Silk is dyed using various dyes such as Acid dyes, metal-complex, reactive dyes etc. Acid dyes are more suitable for silk and wool, and the direct and vat dyes are more suitable for cotton and so on. Dyeing and printing makes it possible to bring about the choicest colours and shades on silk leading to value addition of the silk materials. Silk offers a wide colouration possibility covering almost the entire spectrum of colours and hues due to its ready acceptability for a large range of dyestuffs. The exceptional capacity to absorb moisture from the air, the comparatively simple and orderly arrangement of fibroin molecular structure, and the abundance of hydrogen bonds and electrostatic bonds render silk fibre an ideally suited substrate with a very good dye affinity. Anionic dyestuffs namely acid and direct dyes form a 'Dye-Fibre' complex by electrostatic and hydrogen bonds. Silk can also be dyed with basic, metal-complex and reactive dyes. Acid dyes are widely used for dyeing of silk. Using this class of dyestuff, a wide range of bright shades can be obtained. These dyes are sodium salts of organic acids (mostly sulphonic acid) and are applied from acidic medium.
The dyeing of silk for better dye uptake on the material or exhaustion of dye from the bath requires proper dye containing less impurities (as per specified standards), well maintained pH, quality of water (should not contain higher acidic or alkaline or hardness) and needs proper duration of dyeing or drying. Most importantly as technology is developed varieties of machines are available for dyeing such as Tub dyeing, Arm dyeing, Jigger/Winch dyeing etc., But survey across areas ( Badi Bazar, Nati imli etc) at Varanasi shows following Method followed by Dyers as they say cost of production is low since investment on vessels and materials they use is low. Water used is from pump/borewell available and provided by Varanasi Nagar Nigam.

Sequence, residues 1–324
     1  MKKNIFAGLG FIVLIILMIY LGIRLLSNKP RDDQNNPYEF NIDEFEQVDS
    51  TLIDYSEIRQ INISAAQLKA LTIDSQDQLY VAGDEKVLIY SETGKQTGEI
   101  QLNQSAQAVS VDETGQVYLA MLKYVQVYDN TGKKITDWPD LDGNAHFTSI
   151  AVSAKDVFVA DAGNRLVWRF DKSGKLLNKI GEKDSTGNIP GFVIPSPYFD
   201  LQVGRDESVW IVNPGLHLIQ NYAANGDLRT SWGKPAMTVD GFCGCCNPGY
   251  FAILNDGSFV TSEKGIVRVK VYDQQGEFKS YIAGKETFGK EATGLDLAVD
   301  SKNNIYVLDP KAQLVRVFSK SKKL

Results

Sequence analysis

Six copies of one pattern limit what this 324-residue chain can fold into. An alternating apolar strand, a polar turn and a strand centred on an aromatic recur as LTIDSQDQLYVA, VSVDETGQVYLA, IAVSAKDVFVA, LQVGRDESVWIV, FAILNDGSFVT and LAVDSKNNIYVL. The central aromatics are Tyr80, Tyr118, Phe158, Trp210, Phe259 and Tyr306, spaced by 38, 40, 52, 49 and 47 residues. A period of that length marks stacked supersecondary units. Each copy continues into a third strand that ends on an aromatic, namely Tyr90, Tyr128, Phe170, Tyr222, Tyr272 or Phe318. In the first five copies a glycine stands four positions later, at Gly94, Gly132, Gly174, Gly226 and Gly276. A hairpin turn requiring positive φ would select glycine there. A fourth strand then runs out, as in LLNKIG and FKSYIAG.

Following are the visual representations of dyeing method followed by Varanasi dyers.
Procedure: Initially soaking of silk yarn is carried out with water and little amount of coconut oil for 20 minutes for swelling purpose, then squeezing is done to remove excess water. 60 grams of dye is pasted with water by warm heating at 40C (Figure 1) and then it is added to 20 litres of water in which 5 kg of silk is introduced and dyeing is carried out in presence of acid upto 60C from 2-4 hours then squeezed and dried (Figures 2-4) They produce 30 kgs/day and wages range from 200 to 300/Labour.
Dyers express that they are not much aware about the latest technologies available for dyeing and switch over is also not possible as the investment requires higher cost. This type of method is followed for light shade and they also informed that they do their own Research and Development for combining various types of dyes for better dye uptake and to reduce the cost. From technology point of view, it is important to choose proper dye containing less impurities (as per specified standards), well maintained pH, quality of water (should not contain higher acidic or alkaline or hardness) and needs proper duration of dyeing or drying as well as standard dyeing machines/methods for which they can approach textile testing lab, Central Silk Board located at Chowkaghat for government subsidy.
The authors are associated with Textile Testing Laboratory, CSTRI, Central Silk Board, Varanasi.